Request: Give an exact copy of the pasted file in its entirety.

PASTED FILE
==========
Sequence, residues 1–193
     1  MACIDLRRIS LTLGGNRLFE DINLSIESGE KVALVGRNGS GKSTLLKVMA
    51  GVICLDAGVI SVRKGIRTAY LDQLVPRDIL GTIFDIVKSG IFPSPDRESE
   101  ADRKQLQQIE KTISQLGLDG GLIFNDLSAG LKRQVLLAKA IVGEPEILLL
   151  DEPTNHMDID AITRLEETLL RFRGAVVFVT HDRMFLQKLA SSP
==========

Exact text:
Sequence, residues 1–193
     1  MACIDLRRIS LTLGGNRLFE DINLSIESGE KVALVGRNGS GKSTLLKVMA
    51  GVICLDAGVI SVRKGIRTAY LDQLVPRDIL GTIFDIVKSG IFPSPDRESE
   101  ADRKQLQQIE KTISQLGLDG GLIFNDLSAG LKRQVLLAKA IVGEPEILLL
   151  DEPTNHMDID AITRLEETLL RFRGAVVFVT HDRMFLQKLA SSP